They believe they were bound by confidentiality law from saying anything about the case, even as public outrage grew and blame was heaped on Denver County child welfare.
Human services authorities will not say whether they received any calls to the child abuse hotline, as the family’s neighbors said they made. Nor whether they visited the home in the years since the first three kids, also nonverbal and not potty-trained, were taken away and adopted by other families. Not even whether they went to court to ask a judge to remove the boys born after their parents lost a court battle to keep their first three children.
Instead, the community was left in the dark.
Across the nation, child advocates are pushing for more transparency in child abuse and neglect cases, arguing that confidentiality impedes reform and that it’s possible to answer questions about how the system broke down without violating a child’s privacy.
“Confidentiality is killing kids,” said Michael Petit, president of Every Child Matters in Washington, D.C. “It’s shielding the public from what the real problems are. It isn’t just the public’s right to know, it’s the public’s right to intervene.”
A national commission focused on child abuse deaths, expected to convene in January, is likely to make confidentiality a key issue, said Petit, who was appointed to the panel by President Obama.
Colorado rewrote part of its transparency law this year, requiring that a state review team that investigates child deaths include age, gender and a description of any previous involvement with child welfare authorities. The reviews also identify problems for the county that handled the case.
But by the time the reports are released, sometimes a year after the death and after a back-and-forth process of state and county input, public outcry has quieted. Also, the public and the media do not have access to the original documents, only the report that is a collaboration between county and state officials.
Colorado’s child ombudsman, a watchdog for the state child welfare system, found earlier this year that the state child fatality review team made 97 errors of fact and missing details when reviewing the death of a 2-year-old boy whose skeleton was found under his home. The state did not include all policy mistakes made by caseworkers who had received calls about the boy before his meth-using mother strangled him, the ombudsman said.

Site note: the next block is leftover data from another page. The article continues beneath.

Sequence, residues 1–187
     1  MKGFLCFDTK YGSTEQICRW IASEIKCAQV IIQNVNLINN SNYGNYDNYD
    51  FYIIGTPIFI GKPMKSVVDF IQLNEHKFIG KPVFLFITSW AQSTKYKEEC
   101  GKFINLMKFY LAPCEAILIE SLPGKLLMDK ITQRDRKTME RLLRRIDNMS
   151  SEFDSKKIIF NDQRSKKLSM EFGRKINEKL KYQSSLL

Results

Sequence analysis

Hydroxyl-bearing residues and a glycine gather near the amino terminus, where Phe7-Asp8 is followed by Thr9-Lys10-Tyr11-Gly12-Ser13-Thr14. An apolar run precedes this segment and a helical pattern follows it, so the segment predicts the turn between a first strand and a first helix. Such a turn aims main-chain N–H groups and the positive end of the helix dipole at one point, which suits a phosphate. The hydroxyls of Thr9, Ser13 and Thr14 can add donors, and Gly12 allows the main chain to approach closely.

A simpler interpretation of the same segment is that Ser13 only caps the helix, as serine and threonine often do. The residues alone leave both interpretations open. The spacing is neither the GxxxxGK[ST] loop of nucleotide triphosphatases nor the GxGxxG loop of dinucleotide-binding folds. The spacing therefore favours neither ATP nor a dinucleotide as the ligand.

So far in 2013, 40 children in Colorado have died from abuse and neglect, according to a state website required to list the incidents within three days. About one quarter of those children’s families were involved with child welfare workers within three years of their deaths.
The tally of kids who were killed, nearly killed — including severe brain injuries — and egregiously neglected — including the four Denver boys rescued from squalor in September — is at 85 for this year. Of those, 33 were previously known to the child protective system, meaning a state team is required to review those cases.
And out of those 33, just four reports are completed and available to the public. Several are bouncing between the state review team and the county where the death or near-death happened, following a timeline spelled out in state law.
“There is no backlog. We are up to date per the legislation,” said Julie Krow, director of the state Office of Children, Youth and Families. “Our administration has a commitment to transparency, taken in balance with what’s best for the children.”
This year’s law change also requires that Colorado’s fatality reviews include the names of children who have been killed, but not those still living.
The state Department of Human Services previously released the names of children killed by abuse and neglect, but made the reports nameless in 2012 and 2013 when the state began putting them online. State officials said they changed policy to align with federal guidelines.